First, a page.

The decades of efforts by the Woman’s Christian Temperance Union to reform the Catholic immigrants from Ireland, Eastern and Southern Europe from their drinking and criminal ways and who were seen as a threat to the values American life, came to an end with the 21st Amendment in 1933, which repealed Prohibition. Nellie Green returned to her business as a lawful innkeeper albeit notorious for her bootlegging past. The hotel became a popular place with famous New York show business visitors such as Rudy Vallee, John Barrymore and Bing Crosby.

So now, let’s fast forward to the year 2020. Should we now call liquors stores an essential business and allow them to remain open during this current pandemic? The governor thinks so. And, by the way, a prohibition would probably be unenforceable.

 

Notes of Interest:

In Hartford, Heublein, an importer of liquor and wines at that time and the company that later made Smirnoff vodka, turned to importing and then producing A-1 Sauce.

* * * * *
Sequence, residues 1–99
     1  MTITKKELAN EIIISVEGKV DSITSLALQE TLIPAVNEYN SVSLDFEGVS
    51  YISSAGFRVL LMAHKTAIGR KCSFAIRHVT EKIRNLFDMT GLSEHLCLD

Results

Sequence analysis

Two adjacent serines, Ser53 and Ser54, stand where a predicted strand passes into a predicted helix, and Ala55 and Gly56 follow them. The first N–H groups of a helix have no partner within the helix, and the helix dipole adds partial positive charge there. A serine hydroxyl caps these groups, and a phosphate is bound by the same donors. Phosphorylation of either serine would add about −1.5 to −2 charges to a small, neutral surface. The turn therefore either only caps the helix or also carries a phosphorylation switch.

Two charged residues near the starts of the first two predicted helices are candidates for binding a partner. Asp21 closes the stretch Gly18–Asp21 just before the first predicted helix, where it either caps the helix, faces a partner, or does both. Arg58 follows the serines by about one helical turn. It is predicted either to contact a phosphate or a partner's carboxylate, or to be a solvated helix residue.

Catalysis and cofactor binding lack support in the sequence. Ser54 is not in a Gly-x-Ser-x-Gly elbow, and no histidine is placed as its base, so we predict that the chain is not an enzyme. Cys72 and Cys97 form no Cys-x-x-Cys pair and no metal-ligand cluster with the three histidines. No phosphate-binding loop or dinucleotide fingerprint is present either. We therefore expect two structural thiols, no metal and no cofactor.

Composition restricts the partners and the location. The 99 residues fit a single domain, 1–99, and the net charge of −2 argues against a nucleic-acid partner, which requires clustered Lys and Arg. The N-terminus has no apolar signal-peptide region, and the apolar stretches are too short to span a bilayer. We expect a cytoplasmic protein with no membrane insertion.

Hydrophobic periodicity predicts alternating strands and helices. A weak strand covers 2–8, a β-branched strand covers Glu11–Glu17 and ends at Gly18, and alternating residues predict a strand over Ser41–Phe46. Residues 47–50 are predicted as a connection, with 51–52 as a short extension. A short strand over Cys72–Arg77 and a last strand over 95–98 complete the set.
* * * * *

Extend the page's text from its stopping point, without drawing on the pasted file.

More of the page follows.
Nellie Green recognized federal agents doing road work near her business by their inappropriate footwear.

Claudio’s, a Greenport restaurant that all Connecticut boaters know well, has a hatch behind the bar which opened to receive bootleg alcohol from boats below.

While the 18th Amendment to prohibit the manufacture, sale and transportation of alcoholic beverages was not ratified by Connecticut or Rhode Island, they eagerly ratified its repeal with the 21st.

My very respectable mother-in-law admitted she dated a handsome gent with a go-fast boat.

 

Sources and References:

Patch.com 8/8/2011 Riverside Neighborhood a Secluded Piece of History

CTexplored.org  East Haven’s Wild Irish Rose

Durham-Middlefield Patch, 10/10/2011 Prohibition in Connecticut: A Hostile Reception,

by our neighbor Phillip R. Devlin

Alcohol Problems and solution.org

LIHJ.cc.stonybrok.edu Long Island During Prohibition, 1920-1933

National archives.org   The Volstead Act

Photo: FindAGrave.com